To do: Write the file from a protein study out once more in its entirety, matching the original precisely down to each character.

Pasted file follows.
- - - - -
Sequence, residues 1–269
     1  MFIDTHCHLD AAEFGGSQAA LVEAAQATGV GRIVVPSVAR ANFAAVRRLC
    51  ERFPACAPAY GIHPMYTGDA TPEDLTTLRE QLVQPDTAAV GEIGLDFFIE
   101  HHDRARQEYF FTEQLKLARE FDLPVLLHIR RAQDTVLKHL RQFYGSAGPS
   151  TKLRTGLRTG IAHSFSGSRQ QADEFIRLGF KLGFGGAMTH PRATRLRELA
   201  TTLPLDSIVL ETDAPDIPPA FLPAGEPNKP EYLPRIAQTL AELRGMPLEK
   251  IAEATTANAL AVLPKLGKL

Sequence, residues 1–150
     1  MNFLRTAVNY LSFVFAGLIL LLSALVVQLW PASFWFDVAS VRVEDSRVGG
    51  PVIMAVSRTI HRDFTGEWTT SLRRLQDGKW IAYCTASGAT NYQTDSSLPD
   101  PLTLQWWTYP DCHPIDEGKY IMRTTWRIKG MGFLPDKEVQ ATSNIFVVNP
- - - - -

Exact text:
Sequence, residues 1–269
     1  MFIDTHCHLD AAEFGGSQAA LVEAAQATGV GRIVVPSVAR ANFAAVRRLC
    51  ERFPACAPAY GIHPMYTGDA TPEDLTTLRE QLVQPDTAAV GEIGLDFFIE
   101  HHDRARQEYF FTEQLKLARE FDLPVLLHIR RAQDTVLKHL RQFYGSAGPS
   151  TKLRTGLRTG IAHSFSGSRQ QADEFIRLGF KLGFGGAMTH PRATRLRELA
   201  TTLPLDSIVL ETDAPDIPPA FLPAGEPNKP EYLPRIAQTL AELRGMPLEK
   251  IAEATTANAL AVLPKLGKL

Sequence, residues 1–150
     1  MNFLRTAVNY LSFVFAGLIL LLSALVVQLW PASFWFDVAS VRVEDSRVGG
    51  PVIMAVSRTI HRDFTGEWTT SLRRLQDGKW IAYCTASGAT NYQTDSSLPD
   101  PLTLQWWTYP DCHPIDEGKY IMRTTWRIKG MGFLPDKEVQ ATSNIFVVNP